After much debate, Richmond City Council unanimously passed the riverfront plan Monday night, giving guidance on preservation and development for the James River.
Even on a dreary day like Tuesday when you might not want to be on the James, there's no question this body of water gives Richmond its identity. Now, there's a plan for its future.
With no opposition speakers coming forward and a unanimous vote by council that future is coming into focus.
"A lot can be done with it," explained Councilman Marty Jewell. "Now, with a plan, a lot will be done with it."
That "a lot" is a balancing act, according to Adrienne Kotula with the James River Association.
"There are a number of interests, obviously to protect the river like the James River Association is interested in and also, developing the river, bringing people down to the riverfront," Kotula said.
It took almost a year and a half for those two interests to mesh. Now, the plan details increased connectivity not only between the north and south sides of the river, but also between neighborhoods and the river. It also identifies specific areas as good places for mixed-use development, but not towering skyscrapers.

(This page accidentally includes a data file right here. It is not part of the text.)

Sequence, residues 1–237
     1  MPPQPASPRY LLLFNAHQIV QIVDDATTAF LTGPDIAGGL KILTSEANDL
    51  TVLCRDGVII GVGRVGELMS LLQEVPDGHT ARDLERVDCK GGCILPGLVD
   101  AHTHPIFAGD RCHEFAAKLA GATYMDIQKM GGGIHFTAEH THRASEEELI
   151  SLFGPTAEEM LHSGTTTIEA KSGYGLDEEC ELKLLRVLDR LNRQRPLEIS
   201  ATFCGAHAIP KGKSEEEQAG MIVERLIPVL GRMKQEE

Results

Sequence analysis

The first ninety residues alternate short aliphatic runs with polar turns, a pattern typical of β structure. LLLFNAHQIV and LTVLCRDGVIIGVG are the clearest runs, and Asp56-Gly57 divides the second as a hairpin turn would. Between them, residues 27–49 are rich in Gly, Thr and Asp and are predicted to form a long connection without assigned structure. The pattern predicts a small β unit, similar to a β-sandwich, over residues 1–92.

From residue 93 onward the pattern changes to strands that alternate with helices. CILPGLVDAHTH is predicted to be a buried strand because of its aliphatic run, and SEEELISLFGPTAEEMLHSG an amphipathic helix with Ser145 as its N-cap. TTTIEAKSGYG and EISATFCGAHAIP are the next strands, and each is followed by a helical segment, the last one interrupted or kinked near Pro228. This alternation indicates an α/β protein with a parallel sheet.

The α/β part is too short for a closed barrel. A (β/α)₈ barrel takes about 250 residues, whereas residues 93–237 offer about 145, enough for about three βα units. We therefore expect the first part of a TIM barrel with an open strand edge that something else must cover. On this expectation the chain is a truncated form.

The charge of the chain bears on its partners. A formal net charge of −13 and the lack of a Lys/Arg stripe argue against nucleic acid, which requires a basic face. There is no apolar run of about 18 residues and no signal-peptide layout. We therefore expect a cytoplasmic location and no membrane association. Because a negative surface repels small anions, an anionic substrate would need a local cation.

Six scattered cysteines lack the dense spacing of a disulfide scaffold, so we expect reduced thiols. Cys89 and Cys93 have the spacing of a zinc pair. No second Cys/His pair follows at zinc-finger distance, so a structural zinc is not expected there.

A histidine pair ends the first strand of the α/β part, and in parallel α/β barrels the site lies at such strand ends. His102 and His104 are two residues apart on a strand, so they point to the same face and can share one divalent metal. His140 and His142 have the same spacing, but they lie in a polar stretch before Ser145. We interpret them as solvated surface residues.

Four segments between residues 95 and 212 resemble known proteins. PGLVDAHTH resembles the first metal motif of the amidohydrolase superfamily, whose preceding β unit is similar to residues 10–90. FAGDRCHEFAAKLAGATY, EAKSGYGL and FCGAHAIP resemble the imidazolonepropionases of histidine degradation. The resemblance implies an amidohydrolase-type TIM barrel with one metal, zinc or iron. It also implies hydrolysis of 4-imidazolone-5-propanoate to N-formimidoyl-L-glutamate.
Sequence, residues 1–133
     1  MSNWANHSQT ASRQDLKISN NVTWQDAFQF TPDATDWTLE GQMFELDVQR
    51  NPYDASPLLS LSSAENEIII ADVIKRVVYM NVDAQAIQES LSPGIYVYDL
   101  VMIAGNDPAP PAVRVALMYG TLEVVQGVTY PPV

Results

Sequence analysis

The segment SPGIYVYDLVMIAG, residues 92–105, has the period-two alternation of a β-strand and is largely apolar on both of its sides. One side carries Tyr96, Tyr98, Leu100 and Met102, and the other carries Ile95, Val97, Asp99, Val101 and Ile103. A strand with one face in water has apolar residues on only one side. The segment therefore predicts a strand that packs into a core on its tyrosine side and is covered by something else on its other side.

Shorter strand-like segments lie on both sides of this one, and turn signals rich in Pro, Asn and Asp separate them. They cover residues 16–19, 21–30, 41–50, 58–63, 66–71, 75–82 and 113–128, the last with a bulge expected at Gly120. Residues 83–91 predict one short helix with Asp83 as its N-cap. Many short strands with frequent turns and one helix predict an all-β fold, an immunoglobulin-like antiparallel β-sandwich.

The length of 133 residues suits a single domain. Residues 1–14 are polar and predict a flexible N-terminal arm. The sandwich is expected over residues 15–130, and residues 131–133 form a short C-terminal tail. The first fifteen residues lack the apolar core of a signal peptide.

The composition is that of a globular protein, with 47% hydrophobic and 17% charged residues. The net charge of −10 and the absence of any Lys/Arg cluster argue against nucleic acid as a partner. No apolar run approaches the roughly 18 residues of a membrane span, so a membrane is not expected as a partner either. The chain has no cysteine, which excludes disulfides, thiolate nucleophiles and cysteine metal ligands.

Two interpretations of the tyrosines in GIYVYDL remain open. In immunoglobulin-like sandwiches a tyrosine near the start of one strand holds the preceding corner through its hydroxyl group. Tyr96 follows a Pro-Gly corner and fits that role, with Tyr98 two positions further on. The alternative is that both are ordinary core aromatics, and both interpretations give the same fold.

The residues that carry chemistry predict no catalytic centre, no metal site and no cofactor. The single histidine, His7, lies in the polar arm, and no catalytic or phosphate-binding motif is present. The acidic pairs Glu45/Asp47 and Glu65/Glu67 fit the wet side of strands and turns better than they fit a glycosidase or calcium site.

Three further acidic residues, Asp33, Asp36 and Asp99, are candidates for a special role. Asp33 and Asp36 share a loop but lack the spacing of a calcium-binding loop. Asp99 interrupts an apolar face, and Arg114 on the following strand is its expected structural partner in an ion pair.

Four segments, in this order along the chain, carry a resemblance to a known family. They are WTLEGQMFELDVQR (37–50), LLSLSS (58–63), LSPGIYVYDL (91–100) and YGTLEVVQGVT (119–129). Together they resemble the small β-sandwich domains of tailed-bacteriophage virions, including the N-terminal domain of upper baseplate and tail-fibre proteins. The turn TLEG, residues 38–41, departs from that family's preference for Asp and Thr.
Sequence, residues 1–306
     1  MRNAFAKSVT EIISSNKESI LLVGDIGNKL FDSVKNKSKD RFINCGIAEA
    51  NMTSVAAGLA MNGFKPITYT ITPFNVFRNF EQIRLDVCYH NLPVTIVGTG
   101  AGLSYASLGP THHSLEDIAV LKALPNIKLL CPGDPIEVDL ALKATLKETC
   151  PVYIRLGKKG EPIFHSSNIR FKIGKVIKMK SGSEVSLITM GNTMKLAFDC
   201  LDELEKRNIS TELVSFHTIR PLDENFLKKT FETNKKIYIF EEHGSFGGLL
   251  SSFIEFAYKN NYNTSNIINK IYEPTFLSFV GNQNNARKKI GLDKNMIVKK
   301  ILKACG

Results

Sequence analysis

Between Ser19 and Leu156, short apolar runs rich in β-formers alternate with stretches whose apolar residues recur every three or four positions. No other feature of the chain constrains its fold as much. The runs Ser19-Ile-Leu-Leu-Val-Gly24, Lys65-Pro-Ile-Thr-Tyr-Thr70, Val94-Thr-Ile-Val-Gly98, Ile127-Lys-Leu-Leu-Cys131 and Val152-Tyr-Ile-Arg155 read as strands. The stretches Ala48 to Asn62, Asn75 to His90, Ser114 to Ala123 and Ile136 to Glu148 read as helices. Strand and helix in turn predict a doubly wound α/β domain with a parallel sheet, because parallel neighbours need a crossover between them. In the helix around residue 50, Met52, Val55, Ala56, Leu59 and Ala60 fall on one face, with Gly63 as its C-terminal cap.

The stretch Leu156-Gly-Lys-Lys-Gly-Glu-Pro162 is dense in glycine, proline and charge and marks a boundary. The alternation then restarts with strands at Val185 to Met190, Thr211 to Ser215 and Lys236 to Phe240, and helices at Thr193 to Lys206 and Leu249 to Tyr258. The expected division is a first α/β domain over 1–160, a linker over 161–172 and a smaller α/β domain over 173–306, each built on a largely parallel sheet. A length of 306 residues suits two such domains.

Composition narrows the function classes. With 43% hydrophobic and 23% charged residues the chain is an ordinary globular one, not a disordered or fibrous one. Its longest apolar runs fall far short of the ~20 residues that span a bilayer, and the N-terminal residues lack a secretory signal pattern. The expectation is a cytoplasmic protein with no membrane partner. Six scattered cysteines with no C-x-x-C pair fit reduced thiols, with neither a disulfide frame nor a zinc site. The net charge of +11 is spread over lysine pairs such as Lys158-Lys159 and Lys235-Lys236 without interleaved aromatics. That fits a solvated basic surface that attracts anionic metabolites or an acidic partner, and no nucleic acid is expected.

"We've got this huge expansive river, which explains the huge expansive concern and input," Jewell said.
A point of contention almost stalled the plan as developers proposed a last minute amendment, which would have increased growth in certain areas. Instead, council deferred to language in the city's Downtown Master Plan, which puts places like Mayo Island top on the list of properties to acquire.
Supporters say the plan passed Monday night preserves the view that named Richmond, honors the past and looks out for the future.
"It's a good plan," Jewell added. "It will do us all in good stead for generations to come."
Now, city leaders and advocates will focus on the implementation of the plan and any challenges that may bring.
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